our everyday life

Vegan Meal Plan & Grocery List

by Sarah Badger, studioD

Whether you've recently omitted meat, eggs and dairy from your diet or you've maintained a vegan lifestyle for years, creating a meal plan helps you and your family eat healthier. Plan your menus to make sure each meal includes proteins, complex carbohydrates, and plenty of fruits and vegetables. Meal plans also help you save money -- when you shop for preplanned meals, you are less likely to buy extra items or foods that will spoil before you eat them.

Asian Meals

Plan a variety of meatless dishes based on foods from China, India and other Asian countries. For a protein rich stir-fry meal, add tofu, brown rice and veggies like broccoli, bok choy and snow peas to your grocery list, along with soy sauce or your favorite vegan stir-fry sauce. Plan an Indian dinner and buy ingredients for dal, a traditional dish made from red lentils, garlic, ginger, vegetable oil and a variety of spices, served with rice and Indian bread like paratha.

Mexican Dinners

Vegan tacos and burritos can be an easy meal to serve to vegans and non-vegans alike. Make top-notch, healthy tacos by adding a few key items to your grocery list. Buy dried pinto beans to make refried beans from scratch or opt for canned black beans for quick meals. Get peppers, onions, tomato, lettuce and salsa to stuff into your tacos or burritos, along with avocados or store-bought guacamole. Remember to check the ingredients on packaged tortillas for hidden dairy or egg products before you purchase them.


Stock your refrigerator with plenty of vegan sandwich ingredients for nutritious meals you can pack in a school lunch or take with you to the office. Make almond butter and banana sandwiches as a tasty alternative to peanut butter and jelly, or have fun experimenting with combinations of nut butters and fruit preserves for children's lunches. For more grownup palates, stock up on vegan proteins like tofu and tempeh. Look for flavored and pre-marinated varieties at the grocery store to save cooking time. Hummus, a Middle Eastern spread made from chickpeas, should also be on your vegan grocery list. High in protein and healthy fat, hummus makes a great sandwich filling for kids and adults, accompanied by raw or roasted veggies.


Make sure your vegan breakfast includes protein and complex carbohydrates to start your day off right. Plan quick breakfasts on weekdays that require little preparation like cereal with non-dairy milk, oatmeal with fruit and nuts or whole wheat toast with peanut butter. Your grocery list for weekday meals might include a low-sugar vegan cereal, rolled oats, whole grain bread, nut butters, an assortment of fruits, and almond, rice or soy milk. If you have the time on weekends, plan a heartier vegan breakfast for you and your family. Add tofu and some favorite veggies to your grocery list and whip up a batch of scrambled tofu -- a vegan alternative to scrambled eggs. Serve your scramble alongside hash browns, fruit and toast. If your breakfast doesn't feel complete without something meaty, check your grocery freezer section for vegan alternatives to bacon and sausage.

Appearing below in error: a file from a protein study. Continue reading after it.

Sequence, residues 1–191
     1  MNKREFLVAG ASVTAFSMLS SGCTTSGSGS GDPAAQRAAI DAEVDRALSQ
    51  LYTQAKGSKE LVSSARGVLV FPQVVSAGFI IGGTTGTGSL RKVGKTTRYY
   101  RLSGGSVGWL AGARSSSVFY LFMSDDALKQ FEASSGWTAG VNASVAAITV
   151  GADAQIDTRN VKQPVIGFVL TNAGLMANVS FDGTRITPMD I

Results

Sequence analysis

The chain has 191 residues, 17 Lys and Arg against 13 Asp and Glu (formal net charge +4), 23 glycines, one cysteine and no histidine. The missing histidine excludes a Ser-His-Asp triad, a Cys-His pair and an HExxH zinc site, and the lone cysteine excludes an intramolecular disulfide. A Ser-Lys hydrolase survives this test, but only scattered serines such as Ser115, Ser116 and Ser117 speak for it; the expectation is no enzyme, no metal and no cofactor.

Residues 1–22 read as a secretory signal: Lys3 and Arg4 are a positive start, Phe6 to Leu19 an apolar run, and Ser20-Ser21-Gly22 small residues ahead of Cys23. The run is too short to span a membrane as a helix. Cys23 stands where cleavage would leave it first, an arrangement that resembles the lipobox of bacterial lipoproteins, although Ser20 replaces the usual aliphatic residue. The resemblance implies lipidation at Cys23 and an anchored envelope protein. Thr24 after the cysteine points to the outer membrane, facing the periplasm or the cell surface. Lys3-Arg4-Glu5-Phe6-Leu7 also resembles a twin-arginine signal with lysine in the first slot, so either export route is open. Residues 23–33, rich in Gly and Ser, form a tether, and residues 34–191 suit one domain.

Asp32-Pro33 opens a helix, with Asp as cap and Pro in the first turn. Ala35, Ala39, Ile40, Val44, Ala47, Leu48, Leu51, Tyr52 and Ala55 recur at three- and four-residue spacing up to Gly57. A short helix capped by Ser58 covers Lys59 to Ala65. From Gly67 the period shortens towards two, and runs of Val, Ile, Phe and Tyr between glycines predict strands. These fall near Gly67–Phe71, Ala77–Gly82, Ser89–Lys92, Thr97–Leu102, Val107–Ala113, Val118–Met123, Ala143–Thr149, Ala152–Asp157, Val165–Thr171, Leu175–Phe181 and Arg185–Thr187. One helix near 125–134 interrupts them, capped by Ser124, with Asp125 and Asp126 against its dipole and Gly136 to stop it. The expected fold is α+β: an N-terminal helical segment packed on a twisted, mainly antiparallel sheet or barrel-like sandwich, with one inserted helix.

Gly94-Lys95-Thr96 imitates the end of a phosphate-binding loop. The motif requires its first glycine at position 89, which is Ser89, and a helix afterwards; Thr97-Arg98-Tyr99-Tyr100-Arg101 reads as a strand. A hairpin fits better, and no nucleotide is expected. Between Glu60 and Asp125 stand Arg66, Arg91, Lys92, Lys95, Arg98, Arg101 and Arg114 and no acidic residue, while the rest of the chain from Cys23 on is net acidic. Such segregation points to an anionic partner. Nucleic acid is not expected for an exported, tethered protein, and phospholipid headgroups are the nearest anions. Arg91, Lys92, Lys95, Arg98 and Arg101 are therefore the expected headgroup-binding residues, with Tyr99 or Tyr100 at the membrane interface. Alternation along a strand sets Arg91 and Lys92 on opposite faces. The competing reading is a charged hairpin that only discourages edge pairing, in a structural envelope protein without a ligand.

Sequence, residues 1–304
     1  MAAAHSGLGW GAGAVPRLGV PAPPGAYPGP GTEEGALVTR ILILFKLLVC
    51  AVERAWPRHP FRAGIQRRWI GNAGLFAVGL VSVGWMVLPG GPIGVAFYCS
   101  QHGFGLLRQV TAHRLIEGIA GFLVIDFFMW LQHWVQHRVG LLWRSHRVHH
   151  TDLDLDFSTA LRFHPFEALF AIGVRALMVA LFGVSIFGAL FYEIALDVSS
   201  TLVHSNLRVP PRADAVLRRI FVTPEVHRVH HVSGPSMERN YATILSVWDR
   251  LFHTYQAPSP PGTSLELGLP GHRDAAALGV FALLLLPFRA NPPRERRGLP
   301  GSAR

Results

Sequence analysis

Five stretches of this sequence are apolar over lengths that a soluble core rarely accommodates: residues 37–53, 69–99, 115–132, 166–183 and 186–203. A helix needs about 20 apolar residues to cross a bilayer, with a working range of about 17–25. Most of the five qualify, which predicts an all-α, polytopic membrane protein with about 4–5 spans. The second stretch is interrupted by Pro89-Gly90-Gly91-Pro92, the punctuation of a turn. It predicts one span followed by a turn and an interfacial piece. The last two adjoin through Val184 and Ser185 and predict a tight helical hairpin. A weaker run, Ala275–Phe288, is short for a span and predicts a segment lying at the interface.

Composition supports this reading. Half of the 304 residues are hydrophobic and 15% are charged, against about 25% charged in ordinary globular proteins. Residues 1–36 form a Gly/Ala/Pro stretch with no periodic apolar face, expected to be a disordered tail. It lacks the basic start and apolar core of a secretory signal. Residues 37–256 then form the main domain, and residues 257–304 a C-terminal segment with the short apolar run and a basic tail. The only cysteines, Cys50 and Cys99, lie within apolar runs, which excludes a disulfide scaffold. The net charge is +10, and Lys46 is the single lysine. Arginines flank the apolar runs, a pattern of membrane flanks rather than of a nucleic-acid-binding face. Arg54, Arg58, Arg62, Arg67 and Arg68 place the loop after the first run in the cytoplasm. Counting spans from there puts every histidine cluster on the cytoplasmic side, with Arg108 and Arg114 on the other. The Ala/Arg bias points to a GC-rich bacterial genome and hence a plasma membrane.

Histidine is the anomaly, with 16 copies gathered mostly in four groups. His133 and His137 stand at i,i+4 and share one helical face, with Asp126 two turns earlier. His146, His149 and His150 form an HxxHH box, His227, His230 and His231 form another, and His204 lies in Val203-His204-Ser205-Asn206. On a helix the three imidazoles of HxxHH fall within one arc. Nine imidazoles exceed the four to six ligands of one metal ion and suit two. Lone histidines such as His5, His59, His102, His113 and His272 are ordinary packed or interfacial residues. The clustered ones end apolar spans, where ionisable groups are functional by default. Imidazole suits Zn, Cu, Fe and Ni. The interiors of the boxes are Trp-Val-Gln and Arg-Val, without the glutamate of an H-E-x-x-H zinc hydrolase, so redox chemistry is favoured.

Add snacks to your daily meal plans and grocery lists to keep you from running to the vending machine between meals, searching for a tasty vegan option to quiet your rumbling stomach. Make sure your snack choices are portable and store well outside of a fridge, especially if you spend most of your day away from home. Your grocery list should include a variety of fruit that can be eaten as-is, or sliced and divided into baggies or containers for portability. Nuts and nut butters are other easy snack ingredients. Serve your kids sliced apples and bananas dipped in natural peanut butter or store-bought trail mix. For a savory snack, pick up a container of hummus and pre-cut baby carrots, celery sticks or tortilla chips. Check your grocery store for vegan energy bars and granola bars that can serve you well if you forget to pack a snack or need to eat on the go.

About the Author

Sarah Badger is a certified pilates and group fitness instructor, writer and dance teacher. Her work has appeared in "Dance Spirit" magazine and several literary journals. Badger earned her bachelor's degree in English and religious studies from Marymount Manhattan College, and currently owns a dance and fitness studio in upstate New York.

Photo Credits

  • Polka Dot Images/Polka Dot/Getty Images